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Leaders of agricultural organizations meet one-one-one with President Obama to hear benefits of recently agreed trade deal.
October 6, 2015
The President traveled to the U.S. Department of Agriculture Tuesday where he joined secretary of agriculture Tom Vilsack for a meeting with agriculture and business leaders on the benefits of the Trans-Pacific Partnership for American business and workers.
President Obama said with this trade agreement, which spans nearly 40% of the global economy, will enable the sale more products for agriculture. Currently over 18,000 taxes and tariffs are placed on America’s products in other countries. “Under this agreement, all those foreign taxes will fall,” Obama claimed. “Most of them will fall to zero.”
U.S. exports of agricultural products to the 11 other TPP countries totaled $63 billion in 2014, 42% of total U.S. agricultural exports.
Vilsack said without question, “agriculture is going to be a winner with TPP.” Overall it is estimated that total U.S. exports could increase by $130 billion and “if that’s true and agriculture takes its historic share of 9% of total exports, that is billions of dollars of additional opportunity.”
For any trade agreement negotiated there is give and take, Vilsack said. It is important for different industries to recognize not any single industry got everything they desired.
Included in the meeting was National Chicken Council president Michael Brown and American Farm Bureau Federation president Bob Stallman. Other agricultural groups were invited but were unable to attend.
Final details are being prepared but the process moving forward will be for agricultural groups to look at whether the agreement is something that provides enough benefits as a whole to lobby Congress for approval. It will be 30 days before final text is made public, 60 days the text will be available for public viewing and then the President and Congress have 40 days to ratify the agreement.
Dairy producers continue to reserve judgement on supporting the deal. Vilsack explained the final negotiations include expanded access to Canada and Japan to some of U.S. dairy products, especially for cheese, whole milk powder, skim milk powder and fluid milk. He also said the final deal addresses geographical indicators and sets up a due process that if there is an overly broad geographical indicator it can be contested and questioned before being enacted.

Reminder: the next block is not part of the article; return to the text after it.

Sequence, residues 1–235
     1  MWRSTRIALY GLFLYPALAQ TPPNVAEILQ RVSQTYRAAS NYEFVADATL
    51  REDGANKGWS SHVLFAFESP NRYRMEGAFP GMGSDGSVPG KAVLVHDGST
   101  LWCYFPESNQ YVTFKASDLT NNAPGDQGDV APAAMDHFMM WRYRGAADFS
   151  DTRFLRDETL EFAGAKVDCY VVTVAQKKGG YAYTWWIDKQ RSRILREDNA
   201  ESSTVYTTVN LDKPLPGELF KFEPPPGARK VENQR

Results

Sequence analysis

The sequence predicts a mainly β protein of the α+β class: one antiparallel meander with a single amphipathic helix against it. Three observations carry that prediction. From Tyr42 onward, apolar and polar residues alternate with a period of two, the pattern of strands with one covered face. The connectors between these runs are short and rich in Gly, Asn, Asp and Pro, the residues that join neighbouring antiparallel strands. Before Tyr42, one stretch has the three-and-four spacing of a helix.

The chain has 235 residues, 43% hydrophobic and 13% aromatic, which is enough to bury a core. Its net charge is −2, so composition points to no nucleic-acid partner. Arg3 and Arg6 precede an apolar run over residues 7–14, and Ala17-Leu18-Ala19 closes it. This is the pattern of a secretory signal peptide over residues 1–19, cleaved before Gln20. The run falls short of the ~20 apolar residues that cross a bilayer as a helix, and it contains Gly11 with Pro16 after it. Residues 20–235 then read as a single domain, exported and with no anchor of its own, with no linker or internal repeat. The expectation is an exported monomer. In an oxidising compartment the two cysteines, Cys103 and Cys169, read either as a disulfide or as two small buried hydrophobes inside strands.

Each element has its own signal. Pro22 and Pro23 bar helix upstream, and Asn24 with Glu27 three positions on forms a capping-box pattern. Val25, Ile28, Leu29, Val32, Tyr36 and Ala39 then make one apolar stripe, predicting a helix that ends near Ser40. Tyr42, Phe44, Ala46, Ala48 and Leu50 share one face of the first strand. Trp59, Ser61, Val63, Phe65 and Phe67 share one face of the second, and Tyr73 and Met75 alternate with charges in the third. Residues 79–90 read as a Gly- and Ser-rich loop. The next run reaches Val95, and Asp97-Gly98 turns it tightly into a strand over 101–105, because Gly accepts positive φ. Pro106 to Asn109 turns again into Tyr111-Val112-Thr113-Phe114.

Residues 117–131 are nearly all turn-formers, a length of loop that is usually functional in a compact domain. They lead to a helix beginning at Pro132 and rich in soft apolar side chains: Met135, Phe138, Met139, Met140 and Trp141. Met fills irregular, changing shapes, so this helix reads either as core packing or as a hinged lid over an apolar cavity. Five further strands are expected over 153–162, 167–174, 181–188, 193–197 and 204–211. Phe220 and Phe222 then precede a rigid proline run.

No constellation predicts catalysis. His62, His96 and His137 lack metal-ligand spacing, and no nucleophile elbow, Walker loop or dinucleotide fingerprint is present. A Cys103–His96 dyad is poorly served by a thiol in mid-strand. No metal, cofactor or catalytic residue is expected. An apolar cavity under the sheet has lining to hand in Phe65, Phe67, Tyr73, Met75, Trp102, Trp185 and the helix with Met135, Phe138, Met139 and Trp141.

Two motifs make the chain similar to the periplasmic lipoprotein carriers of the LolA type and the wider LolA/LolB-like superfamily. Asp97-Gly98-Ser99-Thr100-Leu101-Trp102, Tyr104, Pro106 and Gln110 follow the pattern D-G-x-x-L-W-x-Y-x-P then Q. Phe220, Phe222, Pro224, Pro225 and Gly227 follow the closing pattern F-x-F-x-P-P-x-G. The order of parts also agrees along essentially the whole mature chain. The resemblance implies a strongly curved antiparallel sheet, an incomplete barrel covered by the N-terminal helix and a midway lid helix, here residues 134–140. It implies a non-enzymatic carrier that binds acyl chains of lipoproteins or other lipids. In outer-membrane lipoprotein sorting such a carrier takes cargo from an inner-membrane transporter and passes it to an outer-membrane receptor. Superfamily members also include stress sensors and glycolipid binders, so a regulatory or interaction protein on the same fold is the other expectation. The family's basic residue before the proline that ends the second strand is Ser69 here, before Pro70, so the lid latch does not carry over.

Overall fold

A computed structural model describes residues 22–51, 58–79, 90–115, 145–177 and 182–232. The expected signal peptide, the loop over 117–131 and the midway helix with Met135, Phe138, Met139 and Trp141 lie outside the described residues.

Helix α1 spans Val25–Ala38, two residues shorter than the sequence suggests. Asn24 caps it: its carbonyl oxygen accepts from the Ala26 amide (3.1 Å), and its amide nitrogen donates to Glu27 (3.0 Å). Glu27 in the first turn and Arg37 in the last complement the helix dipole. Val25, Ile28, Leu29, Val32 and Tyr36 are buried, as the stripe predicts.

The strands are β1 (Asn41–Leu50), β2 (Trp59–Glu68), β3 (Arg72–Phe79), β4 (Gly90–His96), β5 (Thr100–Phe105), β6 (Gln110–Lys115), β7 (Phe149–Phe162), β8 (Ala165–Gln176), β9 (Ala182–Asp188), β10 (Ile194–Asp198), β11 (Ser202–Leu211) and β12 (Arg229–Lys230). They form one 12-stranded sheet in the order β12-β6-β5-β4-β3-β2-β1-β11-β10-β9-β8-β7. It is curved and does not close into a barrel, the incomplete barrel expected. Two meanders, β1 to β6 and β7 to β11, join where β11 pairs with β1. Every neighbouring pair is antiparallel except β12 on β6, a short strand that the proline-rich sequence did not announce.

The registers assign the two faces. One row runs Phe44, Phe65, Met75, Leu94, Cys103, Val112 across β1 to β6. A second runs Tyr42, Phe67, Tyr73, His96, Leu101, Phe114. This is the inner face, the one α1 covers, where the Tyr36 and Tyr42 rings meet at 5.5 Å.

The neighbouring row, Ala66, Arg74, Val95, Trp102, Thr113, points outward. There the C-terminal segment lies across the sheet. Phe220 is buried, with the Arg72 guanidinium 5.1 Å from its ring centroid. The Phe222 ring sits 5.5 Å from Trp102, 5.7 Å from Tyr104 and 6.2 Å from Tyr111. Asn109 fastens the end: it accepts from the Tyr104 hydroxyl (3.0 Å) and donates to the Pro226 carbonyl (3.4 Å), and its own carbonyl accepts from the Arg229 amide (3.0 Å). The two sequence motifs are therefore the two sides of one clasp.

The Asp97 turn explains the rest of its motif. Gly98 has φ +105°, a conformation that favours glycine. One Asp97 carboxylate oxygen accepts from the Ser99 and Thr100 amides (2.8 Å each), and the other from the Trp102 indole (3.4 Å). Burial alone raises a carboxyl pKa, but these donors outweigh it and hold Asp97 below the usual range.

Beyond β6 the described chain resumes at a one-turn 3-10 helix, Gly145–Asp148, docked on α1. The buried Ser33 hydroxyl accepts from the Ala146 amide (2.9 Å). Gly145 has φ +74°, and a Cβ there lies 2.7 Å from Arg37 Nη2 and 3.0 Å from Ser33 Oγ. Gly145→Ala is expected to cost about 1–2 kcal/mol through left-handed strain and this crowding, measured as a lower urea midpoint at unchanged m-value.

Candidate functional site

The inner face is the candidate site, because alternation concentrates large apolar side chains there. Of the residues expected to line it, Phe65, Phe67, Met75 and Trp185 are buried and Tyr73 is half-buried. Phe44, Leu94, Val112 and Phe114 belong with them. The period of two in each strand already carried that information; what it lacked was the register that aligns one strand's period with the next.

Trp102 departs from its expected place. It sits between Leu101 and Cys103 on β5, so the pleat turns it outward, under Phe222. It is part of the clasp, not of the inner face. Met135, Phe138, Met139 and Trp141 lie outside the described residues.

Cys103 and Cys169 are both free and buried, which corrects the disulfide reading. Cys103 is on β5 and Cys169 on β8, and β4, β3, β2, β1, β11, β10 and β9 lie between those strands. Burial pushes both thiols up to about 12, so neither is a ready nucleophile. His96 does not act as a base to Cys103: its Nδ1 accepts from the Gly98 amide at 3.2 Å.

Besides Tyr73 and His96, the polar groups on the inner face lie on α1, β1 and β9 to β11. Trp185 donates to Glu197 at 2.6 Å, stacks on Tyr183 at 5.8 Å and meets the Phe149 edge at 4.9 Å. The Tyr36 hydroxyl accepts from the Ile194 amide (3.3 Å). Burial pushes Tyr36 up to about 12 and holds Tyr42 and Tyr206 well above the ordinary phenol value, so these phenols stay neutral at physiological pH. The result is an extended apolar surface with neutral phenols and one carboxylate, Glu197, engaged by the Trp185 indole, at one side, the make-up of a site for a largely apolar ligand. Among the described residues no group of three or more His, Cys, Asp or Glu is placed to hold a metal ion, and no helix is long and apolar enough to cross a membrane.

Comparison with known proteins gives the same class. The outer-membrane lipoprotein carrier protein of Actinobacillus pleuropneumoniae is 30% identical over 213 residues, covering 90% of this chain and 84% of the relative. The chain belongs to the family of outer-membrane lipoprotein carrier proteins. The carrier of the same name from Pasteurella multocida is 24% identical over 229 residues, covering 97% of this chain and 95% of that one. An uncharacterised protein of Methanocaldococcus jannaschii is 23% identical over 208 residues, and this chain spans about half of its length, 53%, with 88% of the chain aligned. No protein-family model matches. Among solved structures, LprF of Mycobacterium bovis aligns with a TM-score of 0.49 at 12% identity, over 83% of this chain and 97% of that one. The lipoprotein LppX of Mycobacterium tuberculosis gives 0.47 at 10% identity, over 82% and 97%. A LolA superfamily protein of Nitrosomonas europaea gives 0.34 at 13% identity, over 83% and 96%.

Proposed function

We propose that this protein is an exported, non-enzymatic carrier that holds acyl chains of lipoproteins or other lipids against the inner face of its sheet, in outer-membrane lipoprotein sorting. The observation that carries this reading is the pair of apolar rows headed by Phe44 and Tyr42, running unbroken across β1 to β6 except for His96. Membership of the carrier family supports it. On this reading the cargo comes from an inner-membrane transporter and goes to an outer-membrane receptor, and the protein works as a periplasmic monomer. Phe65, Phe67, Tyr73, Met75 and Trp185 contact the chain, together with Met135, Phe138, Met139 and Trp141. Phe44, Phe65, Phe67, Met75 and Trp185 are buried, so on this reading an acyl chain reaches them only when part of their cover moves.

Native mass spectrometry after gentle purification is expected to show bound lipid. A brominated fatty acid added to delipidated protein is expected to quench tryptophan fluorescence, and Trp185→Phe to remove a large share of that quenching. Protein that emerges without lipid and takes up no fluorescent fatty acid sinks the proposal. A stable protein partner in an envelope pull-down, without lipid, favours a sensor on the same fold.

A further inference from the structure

Under the TPP, Canada’s supply management system regarding milk, eggs and poultry will be "partially opened up to foreign countries over a five-year period." According to the media, the Canadian government will provide new compensation programs to help out producers negatively impacted by the agreement.
The Dairy Farmer of Canada’s initial assessment is that in order to secure the trade agreement for Canada, the sum of access granted to the U.S., New Zealand and Japan will be 3.25% of Canada's 2016 milk production.
NCC appreciated the meeting with the President and Vilsack for reaching out to the animal agriculture sector. “It was a positive meeting and NCC appreciates being included. Chicken producers remain optimistic about the deal, but the devil is in the details,” NCC spokesman Tom Super said.
Kent Bacus, National Cattlemen’s Beef Assn. associate director of legislative affairs, said beef could see substantial tariff reductions. Japan, one of the largest markets for U.S. beef, could see its tariffs drop 11% from 38.5% to 27.5% and by year 16 would be phased down to 9%.
Bacus said at the end of the day he hopes agriculture will be supportive of the final deal. “This is a vast improvement over the status quo. To delay any further consideration of this bill or stand in the way of it would be a great detriment to U.S. agriculture,” Bacus said.
Policy editor, Farm Futures
Jacqui Fatka grew up on a diversified livestock and grain farm in southwest Iowa and graduated from Iowa State University with a bachelor’s degree in journalism and mass communications, with a minor in agriculture education, in 2003. She’s been writing for agricultural audiences ever since. In college, she interned with Wallaces Farmer and cultivated her love of ag policy during an internship with the Iowa Pork Producers Association, working in Sen. Chuck Grassley’s Capitol Hill press office. In 2003, she started full time for Farm Progress companies’ state and regional publications as the e-content editor, and became Farm Futures’ policy editor in 2004. A few years later, she began covering grain and biofuels markets for the weekly newspaper Feedstuffs. As the current policy editor for Farm Progress, she covers the ongoing developments in ag policy, trade, regulations and court rulings. Fatka also serves as the interim executive secretary-treasurer for the North American Agricultural Journalists. She lives on a small acreage in central Ohio with her husband and three children.
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